• Bregman, A.S. (1990). Auditory Scene Analysis: The Perceptual Organization of Sound . Cambridge, USA: MIT Press. The definitive work on how sounds are organized by the ear, including a chapter on music.
  • Deutsch, D. (Ed.) (1999). The Psychology of Music (2nd ed.). London: Academic Press. Covers everything from acoustics, to music perception, to music performance.
  • Moore, B.C.J. (2003). An Introduction to the Psychology of Hearing (5th ed.). London: Academic Press. A comprehensive yet readable account of hearing, including the basic physiology of the ear.
  • Plack, C.J. (2005). The Sense of Hearing . Mahwah, New Jersey: Laurence Erlbaum Associates. My new book—out soon!

Professor Chris Plack was born in Exeter, England, in 1966. He studied Natural Sciences at the University of Cambridge as an undergraduate, and gained a PhD in psychoacoustics at the same institution. Since then he has worked as a research scientist at the University of Minnesota and at the University of Sussex, England, and now teaches in the Department of Psychology at the University of Essex, England. Professor Plack is a Fellow of the Acoustical Society of America, and a member of the Association for Research in Otolaryngology.


Ear-pinging, tongue-buzzing tech used to treat tinnitus

Tinnitus is an aggravating disorder, causing sufferers to constantly hear a ringing in their ears. A new system could help, though, by simultaneously zapping their tongue and delivering sounds to their ears.

Known as Lenire, the setup is made by Dublin, Ireland-based Neuromod Devices. It consists of a handheld control unit, a set of Bluetooth headphones, and a "Tonguetip" device that is placed in the mouth. While sounds emitted by the headphones stimulate the wearer's auditory nerve, electrodes on the Tonguetip stimulate the trigeminal nerve in the tip of their tongue.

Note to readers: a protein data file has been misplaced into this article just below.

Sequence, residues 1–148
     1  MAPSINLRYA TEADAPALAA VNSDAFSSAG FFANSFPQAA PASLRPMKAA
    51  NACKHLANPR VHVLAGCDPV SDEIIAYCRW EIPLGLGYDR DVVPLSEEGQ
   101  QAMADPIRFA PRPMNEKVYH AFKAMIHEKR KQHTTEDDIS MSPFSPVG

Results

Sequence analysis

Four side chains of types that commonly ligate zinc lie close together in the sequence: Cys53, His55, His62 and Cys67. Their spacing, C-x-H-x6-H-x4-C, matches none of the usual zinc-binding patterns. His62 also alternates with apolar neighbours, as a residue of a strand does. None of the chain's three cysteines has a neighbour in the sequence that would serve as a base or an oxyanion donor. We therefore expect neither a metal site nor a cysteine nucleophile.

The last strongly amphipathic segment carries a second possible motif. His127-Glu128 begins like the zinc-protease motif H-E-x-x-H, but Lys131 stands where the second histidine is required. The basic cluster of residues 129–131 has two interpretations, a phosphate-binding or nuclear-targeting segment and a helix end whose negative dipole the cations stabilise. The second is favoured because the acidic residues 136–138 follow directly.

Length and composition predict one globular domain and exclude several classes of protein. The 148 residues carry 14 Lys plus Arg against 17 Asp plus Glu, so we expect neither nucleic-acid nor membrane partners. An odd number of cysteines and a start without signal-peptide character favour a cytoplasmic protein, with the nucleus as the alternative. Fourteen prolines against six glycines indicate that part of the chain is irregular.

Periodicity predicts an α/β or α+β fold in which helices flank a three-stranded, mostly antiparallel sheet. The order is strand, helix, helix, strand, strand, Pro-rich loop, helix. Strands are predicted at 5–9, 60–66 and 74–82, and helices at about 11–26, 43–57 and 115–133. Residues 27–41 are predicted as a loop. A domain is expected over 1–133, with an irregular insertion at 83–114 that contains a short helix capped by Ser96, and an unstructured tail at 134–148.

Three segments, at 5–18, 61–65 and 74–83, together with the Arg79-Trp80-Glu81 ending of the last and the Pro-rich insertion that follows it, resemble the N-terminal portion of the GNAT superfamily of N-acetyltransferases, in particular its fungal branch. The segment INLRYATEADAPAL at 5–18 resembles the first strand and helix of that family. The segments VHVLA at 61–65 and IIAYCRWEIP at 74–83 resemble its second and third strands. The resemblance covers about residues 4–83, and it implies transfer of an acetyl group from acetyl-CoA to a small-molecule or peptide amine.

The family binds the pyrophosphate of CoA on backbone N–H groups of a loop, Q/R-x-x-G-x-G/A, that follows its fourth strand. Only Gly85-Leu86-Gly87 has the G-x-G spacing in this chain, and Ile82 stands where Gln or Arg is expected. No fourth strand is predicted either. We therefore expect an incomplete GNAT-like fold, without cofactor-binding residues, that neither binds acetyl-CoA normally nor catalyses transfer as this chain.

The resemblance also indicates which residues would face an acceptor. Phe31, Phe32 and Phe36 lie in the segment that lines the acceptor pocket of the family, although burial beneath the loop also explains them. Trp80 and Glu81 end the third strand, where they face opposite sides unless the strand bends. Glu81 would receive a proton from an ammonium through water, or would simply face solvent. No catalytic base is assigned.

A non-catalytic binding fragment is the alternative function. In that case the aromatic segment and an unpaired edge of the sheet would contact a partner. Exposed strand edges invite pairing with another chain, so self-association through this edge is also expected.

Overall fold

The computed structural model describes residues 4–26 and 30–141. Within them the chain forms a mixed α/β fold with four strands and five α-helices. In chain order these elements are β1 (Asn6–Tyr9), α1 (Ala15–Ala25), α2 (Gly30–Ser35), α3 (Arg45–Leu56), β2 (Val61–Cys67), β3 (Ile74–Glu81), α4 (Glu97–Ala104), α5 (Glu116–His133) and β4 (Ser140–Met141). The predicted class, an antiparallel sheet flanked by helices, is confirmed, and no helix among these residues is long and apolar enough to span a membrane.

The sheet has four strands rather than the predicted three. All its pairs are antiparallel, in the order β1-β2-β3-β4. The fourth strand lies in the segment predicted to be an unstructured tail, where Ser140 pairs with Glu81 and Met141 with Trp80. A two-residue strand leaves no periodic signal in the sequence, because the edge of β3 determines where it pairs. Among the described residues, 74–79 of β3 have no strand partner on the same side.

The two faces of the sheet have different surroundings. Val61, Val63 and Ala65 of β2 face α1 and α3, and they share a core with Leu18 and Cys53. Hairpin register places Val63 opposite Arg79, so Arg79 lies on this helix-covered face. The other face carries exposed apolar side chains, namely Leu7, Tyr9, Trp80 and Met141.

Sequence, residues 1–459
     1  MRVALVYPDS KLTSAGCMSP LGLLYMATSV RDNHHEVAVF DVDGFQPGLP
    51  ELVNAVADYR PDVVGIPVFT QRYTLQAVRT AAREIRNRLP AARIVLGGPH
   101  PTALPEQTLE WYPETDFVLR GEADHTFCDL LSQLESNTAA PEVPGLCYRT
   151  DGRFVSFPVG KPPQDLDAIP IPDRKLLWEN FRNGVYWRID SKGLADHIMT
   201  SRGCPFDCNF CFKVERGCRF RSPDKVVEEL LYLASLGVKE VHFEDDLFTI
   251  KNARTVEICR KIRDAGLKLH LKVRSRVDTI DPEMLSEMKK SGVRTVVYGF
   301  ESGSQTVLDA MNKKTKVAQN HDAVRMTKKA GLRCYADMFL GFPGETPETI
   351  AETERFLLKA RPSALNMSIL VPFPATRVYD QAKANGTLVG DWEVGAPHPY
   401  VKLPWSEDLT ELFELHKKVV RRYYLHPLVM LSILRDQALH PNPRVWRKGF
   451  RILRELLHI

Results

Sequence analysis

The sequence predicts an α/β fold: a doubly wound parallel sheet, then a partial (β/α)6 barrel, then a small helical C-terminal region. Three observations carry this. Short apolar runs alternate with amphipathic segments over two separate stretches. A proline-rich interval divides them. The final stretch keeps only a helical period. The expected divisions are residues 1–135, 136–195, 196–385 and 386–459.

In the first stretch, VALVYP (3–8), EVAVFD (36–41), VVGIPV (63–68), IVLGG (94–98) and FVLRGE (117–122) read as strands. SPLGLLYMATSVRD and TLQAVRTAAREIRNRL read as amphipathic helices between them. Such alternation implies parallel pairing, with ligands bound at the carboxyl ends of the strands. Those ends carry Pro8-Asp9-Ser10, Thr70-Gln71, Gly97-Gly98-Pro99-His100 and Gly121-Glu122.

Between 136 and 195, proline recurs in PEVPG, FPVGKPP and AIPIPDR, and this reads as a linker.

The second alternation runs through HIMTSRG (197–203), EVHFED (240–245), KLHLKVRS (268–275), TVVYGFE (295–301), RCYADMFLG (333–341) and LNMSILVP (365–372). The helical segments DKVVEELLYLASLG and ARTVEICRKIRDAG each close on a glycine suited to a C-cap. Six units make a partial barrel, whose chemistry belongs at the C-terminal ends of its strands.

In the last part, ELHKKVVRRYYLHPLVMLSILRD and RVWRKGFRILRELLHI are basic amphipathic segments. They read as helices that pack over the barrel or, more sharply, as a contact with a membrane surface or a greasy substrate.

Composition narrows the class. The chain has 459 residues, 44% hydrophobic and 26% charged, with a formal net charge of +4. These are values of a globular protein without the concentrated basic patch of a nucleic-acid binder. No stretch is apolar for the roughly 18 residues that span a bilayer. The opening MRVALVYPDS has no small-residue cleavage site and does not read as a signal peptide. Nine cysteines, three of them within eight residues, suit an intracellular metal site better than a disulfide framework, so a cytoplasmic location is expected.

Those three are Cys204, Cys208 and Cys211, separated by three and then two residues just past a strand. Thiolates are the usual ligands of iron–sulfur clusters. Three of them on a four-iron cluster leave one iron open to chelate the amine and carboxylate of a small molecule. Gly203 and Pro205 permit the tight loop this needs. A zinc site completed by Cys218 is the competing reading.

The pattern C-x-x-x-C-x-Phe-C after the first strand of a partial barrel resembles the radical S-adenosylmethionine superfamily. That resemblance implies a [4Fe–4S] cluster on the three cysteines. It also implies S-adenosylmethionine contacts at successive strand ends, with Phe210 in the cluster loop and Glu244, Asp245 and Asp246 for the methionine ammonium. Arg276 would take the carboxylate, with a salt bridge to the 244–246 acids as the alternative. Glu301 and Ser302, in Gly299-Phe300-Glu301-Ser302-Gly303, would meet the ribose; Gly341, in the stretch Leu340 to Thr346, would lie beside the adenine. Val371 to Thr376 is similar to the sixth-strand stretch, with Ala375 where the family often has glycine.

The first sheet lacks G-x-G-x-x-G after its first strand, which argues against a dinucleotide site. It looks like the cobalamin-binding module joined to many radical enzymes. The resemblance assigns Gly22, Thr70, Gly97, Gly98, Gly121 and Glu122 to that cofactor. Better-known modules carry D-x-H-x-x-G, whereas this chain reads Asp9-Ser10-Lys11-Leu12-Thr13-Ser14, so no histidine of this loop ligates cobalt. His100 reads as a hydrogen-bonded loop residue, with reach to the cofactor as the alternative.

Via a process called bimodal neuromodulation, in which two types of sensory input are stimulated at once, this procedure is claimed to retrain the misfiring neurons in the patient's auditory system. As a result, their tinnitus is reportedly diminished.

A diagram of the Lenire system

The system was recently the subject of a large clinical trial, conducted by Neuromod Devices staff working with colleagues from Germany's University of Regensburg, Britain's University of Nottingham, the University of Texas at Dallas, and Trinity College Dublin. In that trial, 326 patients with different types of tinnitus were instructed to use the Lenire system for 60 minutes a day over the course of 12 weeks.

After the treatment period was over, 86.2 percent of the test subjects (who successfully followed the routine) were found to have achieved "a statistically significant reduction in tinnitus symptom severity" – this assessment was based on the commonly used Tinnitus Handicap Inventory and Tinnitus Functional Index. The reduction persisted even 12 months later, and no unwanted side effects were reported.

Another clinical trial is now underway, to gauge the effects of altering the stimulation pattern over time.

The research is described in a paper that was recently published in the journal Science Translational Medicine.


Watch the video: Sluchově-rovnovážné ústrojí (December 2021).